Can a Partnership between General Practitioners and Ambulance Services Reduce Conveyance to Emergency Care. Villarreal et al.
To evaluate a new model of Emergency ambulance response in which paramedic crews from the ambulance service were supported by GPs to provide alternatives to transfer to hospital.
Design: Retrospective review looking at the implementation of a new service.
Setting: Worcester, UK – a mixed urban & rural county with 67 Medical Practices and 2 Emergency Departments. The study was conducted from Oct 2012 – Nov 2013.
Population: Patients, of any age, who contacted 999 directly or via community based services such as care homes who contacted 999 at times when a GP was available from midday till 8PM weekdays and 8 till 8PM at weekends.
Inclusion criteria: Those deemed appropriate by WMAS call handlers or ambulance crew (paramedics OR technicians).
Methods: After receiving a 999 phone call a standard dispatch protocol and initial triage was conducted. This resulted in a GP (via own transport), ambulance crew or both seeing the patient. In instances where an ambulance was the primary dispatch there was provision for telephone advice from the GP or a face to face visit. The GPs underwent a day of prehospital training. Ambulance staff were briefed via email and printed weekly briefings.
What did they find?
A total of 23,395 999 calls were made which resulted in 1,903 GP supported assessments of which about 10% were referrals from community services. 64.1% of these referrals were assessed face to face by a GP, the rest received telephone advice. Following any GP input 21.2% were transported to an ED compared to the overall average of 61% by West Midlands ambulance service. Subgroup analysis revealed that women and patients over the age of 75 were least likely to be conveyed to hospital after the intervention.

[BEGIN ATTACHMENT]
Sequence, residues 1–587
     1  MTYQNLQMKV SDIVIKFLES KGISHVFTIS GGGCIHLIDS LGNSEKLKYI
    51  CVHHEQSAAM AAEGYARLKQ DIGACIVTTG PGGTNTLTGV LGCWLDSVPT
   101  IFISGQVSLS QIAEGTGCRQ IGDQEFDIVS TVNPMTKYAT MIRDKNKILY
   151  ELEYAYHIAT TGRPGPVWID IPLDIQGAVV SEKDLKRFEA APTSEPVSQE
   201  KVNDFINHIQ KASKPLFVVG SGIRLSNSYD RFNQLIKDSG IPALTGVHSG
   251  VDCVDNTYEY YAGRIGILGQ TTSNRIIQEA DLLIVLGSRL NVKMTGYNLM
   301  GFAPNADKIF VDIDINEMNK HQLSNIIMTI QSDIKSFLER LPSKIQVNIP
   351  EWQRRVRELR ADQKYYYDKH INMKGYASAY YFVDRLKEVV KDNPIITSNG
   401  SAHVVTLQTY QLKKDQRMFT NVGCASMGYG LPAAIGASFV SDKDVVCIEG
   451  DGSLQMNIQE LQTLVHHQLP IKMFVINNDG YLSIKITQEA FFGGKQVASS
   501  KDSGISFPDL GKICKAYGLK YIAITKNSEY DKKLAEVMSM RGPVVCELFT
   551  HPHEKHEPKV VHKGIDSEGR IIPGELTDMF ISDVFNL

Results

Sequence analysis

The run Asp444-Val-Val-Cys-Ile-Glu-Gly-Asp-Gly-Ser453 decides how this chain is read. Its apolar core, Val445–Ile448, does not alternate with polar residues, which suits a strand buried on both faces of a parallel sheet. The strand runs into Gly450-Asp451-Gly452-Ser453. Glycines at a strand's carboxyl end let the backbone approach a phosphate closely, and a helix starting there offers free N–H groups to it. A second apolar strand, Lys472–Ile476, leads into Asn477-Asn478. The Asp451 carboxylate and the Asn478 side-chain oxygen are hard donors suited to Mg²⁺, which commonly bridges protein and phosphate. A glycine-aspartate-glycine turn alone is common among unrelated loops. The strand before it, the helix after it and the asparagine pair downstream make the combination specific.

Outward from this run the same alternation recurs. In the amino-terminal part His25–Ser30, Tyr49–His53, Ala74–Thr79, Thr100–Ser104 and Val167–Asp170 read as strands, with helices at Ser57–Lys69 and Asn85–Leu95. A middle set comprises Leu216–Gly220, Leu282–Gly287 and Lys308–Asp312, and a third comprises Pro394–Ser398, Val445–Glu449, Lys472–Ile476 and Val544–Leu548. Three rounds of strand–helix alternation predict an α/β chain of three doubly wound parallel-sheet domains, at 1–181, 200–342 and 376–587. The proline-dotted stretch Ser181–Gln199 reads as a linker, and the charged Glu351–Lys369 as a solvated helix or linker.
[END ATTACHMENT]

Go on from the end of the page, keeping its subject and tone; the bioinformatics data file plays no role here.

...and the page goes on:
What else would we like to know?
The service has continued to run from October 2012 – oct 2016. It would be interesting to see how cost effective this service is.
The authors comment on the lack of follow up. We don’t know if this service prevented presentations to the emergency department or merely delayed them. Unfortunately, this data was not collected.
Almost 95% of cases initiated by community based care services did not result in an emergency presentation. It would be interesting to see why these services were calling 999 in the first instance. Perhaps they lack robust clinical support.
It would seem that patients appreciate this service and that it does a good job at decreasing immediate presentations to the ED. Community based pathways that avoid unnecessary presentations and admission to hospital are an important part of emergency patient care. They also need to be cost effective. Empowering GPs to facilitate paramedics and ambulance technicians to make sound clinical decisions about patient care seems like a service that should be explored nationwide.
From Emergency Medicine Journal – July2017 Volume 34 Issue 7